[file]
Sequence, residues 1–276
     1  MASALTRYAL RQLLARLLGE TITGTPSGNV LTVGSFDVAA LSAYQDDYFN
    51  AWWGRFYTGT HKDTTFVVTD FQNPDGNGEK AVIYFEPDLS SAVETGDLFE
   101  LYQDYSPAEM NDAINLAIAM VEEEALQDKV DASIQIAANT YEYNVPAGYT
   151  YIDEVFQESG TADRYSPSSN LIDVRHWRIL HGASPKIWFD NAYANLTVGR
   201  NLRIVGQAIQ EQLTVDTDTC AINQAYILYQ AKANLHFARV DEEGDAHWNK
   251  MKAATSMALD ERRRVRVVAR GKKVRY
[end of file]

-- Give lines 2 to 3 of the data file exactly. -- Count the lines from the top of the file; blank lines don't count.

     1  MASALTRYAL RQLLARLLGE TITGTPSGNV LTVGSFDVAA LSAYQDDYFN
    51  AWWGRFYTGT HKDTTFVVTD FQNPDGNGEK AVIYFEPDLS SAVETGDLFE